The Livesey children’s museum really does matter

10 June 2009
The Times and The Sunday Times
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How do you save a curio such as the Livesey Museum for Children?

It is not well known, it is not glamorous, but the UK’s first museum for children is magical – and it is now in peril. Last week, shamefully, Southwark Council executive decided to cut its funding and the final council vote today will set its fate to close as early as next month. But it should be saved.

My seven-year-old son and I fell in love with the Livesey the moment we escaped from the desolate roar of the Old Kent Road in South London, pushed through its Victorian doors and stumbled upon our very own treasure island. We joined the children who were squealing with pleasure as they picked up great fistfuls of jewels and hid them in the depths of a wonderfully gaudy and evocative wooden model of a treasure island.

The rest of the museum was chock-full of great exhibits around the themes of maps: a huge wooden map of the world replete with lots of mysterious flaps, a massive game of battleships, dancing, jolting skeletons and the human brain, and a taxi that contained a magnetic map of London in its bonnet.

The Livesey was the first children’s museum in Britain. The building was given to the people by the Victorian industrialist George Livesey for use as a library, but it was converted to a museum in 1974. Since then the museum has established a reputation for some of the most interactive installations in the country. On average, they run for nine months and have focused in a highly creative way upon such diverse topics as myths and legends, home, air, rubbish and energy. Each exhibition is tailored to complement the national curriculum at early years and primary levels; it develops literacy through opportunities for reading, discussion, role-playing and storytelling. It also has one of the most playful approaches to numeracy that I’ve seen, providing lots of number games.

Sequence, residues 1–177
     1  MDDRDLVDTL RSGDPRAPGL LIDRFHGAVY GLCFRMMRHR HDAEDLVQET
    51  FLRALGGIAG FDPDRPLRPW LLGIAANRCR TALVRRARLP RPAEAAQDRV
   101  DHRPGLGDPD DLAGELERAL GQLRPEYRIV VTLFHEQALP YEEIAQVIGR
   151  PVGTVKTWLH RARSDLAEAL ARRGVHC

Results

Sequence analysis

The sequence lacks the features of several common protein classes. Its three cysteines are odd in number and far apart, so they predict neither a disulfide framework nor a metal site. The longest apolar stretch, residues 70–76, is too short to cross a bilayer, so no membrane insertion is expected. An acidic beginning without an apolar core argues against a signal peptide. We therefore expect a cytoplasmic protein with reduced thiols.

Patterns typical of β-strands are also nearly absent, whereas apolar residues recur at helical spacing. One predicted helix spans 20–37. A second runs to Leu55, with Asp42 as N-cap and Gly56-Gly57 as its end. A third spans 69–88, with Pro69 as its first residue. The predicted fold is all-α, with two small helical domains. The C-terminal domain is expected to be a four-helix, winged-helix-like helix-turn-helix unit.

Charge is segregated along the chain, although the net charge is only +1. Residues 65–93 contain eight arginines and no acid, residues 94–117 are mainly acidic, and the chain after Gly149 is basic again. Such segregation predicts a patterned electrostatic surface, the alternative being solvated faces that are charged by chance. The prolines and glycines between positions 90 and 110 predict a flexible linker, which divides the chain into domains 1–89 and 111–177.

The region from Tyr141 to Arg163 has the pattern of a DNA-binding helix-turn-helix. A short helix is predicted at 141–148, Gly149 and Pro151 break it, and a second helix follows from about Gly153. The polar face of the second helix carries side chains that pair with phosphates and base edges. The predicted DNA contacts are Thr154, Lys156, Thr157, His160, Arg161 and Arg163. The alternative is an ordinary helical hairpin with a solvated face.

In addition, it has a marvellous garden, including the only recycled-bottle greenhouse in London, and vegetable plots tended by children. It attracts 18,000 visitors a year and has achieved all sorts of praise and awards, including being shortlisted in The Guardian’s Family Friendly Museum Award in 2006. It has become a model for similar museums throughout the world, with its staff members being invited to contribute to national and international advisory panels on learning through play and creativity.

The council says that it will refurbish its Cuming Museum, and add more child-centred displays to compensate for the loss of the Livesey.

It is ironic that Southwark decided to close the musem in the week that the Government called for primary school children to be given five hours of culture a week and in a climate of awareness of the need for healthy eating, environmental understanding and making the lives of children happier. The museum’s whole mission is to foster these things.

Not content with cutting its funding, the council also intends to sell off the historic building in which the Livesey is housed so that its innovative work will be lost for ever, robbing children of one of the few places that makes learning fun.

Livesey Museum for Children, 682 Old Kent Road, London SE15 (020-7635 5829,

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